In astronomy, an ephemeris (plural: ephemerides) gives the positions of naturally occurring astronomical objects in the sky at a given time or times. Historically, this information is given in printed tables at regular intervals of date and time. Modern ephemerides are computed electronically from mathematical models of the motion of astronomical objects and the Earth. The ephemerides listed here refer to the position of the sun and moon: the time of rise and setting, as well as the phases of the moon. All calculations refers to the coordinate of downtown San Jose city, including local date and time. The calculations' source is from "The United States Naval Observatory (USNO)".
Rise and set times (sunrise, sunset, moonrise and moonset): In here the tables show, for each day of the month, the hour and minute of rising and setting of the sun and/or the moon, as well as its day or night length. The rise (set) time is the instant corresponding to the appearance (disappearance) of the upper edge of the sun/moon in a hypothetical horizon, not considering surface features of the real horizon or nearby obstacles (houses, trees), nor the presence of clouds or fog.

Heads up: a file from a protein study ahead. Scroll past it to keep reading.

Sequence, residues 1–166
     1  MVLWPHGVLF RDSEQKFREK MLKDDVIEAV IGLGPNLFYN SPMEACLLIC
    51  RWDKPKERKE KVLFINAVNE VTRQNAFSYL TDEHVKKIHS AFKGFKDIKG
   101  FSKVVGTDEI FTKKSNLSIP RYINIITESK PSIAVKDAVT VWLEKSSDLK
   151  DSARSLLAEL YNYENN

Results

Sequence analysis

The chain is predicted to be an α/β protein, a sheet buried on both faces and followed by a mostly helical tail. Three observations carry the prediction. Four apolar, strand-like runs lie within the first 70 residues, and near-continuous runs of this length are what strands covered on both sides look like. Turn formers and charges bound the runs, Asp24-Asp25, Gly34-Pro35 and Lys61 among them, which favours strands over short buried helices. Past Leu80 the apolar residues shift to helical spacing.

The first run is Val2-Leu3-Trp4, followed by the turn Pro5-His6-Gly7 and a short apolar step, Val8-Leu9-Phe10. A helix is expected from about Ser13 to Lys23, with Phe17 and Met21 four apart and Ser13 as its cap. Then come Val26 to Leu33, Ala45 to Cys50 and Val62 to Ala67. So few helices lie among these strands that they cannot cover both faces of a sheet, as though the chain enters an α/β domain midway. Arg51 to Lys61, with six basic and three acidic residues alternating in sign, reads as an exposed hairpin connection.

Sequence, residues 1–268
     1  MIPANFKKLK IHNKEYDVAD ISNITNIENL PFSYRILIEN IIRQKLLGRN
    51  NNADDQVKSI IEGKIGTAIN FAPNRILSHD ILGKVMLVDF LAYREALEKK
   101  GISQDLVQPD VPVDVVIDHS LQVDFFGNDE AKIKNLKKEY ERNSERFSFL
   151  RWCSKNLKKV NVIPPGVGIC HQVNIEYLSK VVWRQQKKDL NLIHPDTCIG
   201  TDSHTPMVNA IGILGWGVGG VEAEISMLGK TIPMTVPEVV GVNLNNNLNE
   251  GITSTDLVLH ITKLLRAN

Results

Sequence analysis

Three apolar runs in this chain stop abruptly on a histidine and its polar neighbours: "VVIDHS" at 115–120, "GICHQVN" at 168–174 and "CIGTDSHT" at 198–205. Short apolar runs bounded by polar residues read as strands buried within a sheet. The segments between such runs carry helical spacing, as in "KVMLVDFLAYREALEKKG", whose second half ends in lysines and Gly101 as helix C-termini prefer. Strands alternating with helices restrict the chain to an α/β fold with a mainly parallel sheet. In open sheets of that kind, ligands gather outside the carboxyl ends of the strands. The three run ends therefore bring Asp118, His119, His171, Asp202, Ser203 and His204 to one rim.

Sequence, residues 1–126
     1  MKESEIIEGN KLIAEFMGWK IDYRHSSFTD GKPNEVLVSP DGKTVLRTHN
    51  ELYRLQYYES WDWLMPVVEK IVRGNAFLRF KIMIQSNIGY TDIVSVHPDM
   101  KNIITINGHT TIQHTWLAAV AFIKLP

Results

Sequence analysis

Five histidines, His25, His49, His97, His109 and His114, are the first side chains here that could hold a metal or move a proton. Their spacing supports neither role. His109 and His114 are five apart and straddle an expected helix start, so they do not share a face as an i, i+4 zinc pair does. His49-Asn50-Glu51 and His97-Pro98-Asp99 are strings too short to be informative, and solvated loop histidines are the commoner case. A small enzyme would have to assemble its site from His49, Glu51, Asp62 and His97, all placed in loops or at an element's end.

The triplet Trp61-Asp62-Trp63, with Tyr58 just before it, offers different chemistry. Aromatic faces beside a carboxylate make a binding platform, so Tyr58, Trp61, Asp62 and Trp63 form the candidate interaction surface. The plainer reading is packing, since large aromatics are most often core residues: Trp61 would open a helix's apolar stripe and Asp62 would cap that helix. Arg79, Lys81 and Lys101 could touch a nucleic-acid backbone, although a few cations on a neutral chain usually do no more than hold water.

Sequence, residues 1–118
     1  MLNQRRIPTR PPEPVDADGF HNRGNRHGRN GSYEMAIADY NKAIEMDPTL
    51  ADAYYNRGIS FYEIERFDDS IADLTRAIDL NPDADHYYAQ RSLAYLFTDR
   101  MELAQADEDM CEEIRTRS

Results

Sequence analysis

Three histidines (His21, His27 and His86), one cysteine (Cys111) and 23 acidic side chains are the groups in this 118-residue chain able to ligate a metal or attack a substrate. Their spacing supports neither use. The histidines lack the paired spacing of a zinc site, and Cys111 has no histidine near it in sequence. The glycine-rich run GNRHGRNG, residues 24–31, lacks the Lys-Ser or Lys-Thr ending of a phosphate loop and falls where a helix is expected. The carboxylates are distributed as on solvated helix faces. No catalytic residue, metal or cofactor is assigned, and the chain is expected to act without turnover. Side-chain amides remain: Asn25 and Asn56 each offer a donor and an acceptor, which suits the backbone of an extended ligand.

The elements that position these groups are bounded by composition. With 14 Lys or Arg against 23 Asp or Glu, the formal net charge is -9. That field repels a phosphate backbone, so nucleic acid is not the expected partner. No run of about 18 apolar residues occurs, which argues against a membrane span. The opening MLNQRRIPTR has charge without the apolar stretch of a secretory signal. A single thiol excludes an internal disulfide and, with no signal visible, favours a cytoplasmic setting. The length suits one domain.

In a particular place, both the sun and the moon appear in the east side of the sky, above the horizon. Hours later, due to the earth's rotation, they disappear in the west side, over the horizon. In a place, the time when the object is on the horizon is known as the rising (sunrise, moonrise) if emerging, or setting (sunset, moonset) if disappearing.
Moon phases: This refers to the shape of the illuminated portion of the moon as seen by an observer on earth. The phases take place cyclically as the moon orbits the earth and changes position relative to the earth and sun. The complete cycle, called lunar month, last just over 29 days.
After a new moon phase, the sunlit portion is increasing until the full moon phase is reached two weeks later. After the full moon (maximum illumination) phase, the light continually decreases until the light is completely gone, reaching the new moon phase again. The first quarter and third quarter moons (called half moon) happen when exactly half of the moon is illuminated and half is in shadow.
Thus, the tables indicate the date and time when each moon phase is reached. Blank spaces in the table indicates that there is no rise/set in 24 hours. The main stages of the moon are new moon, first quarter, full moon and last quarter (or third quarter).
Rise and set times (sunrise, sunset, moonrise and moonset) 2023 Moon phases 2023 Rise and set times (sunrise, sunset, moonrise and moonset) 2022 Moon phases 2022
San José, Wednesday, March 29, 2023
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In this section you will find all the necessary information about sunrises and sunsets of the Sun and Moon, as well as all the information about the corresponding lunar phases.See more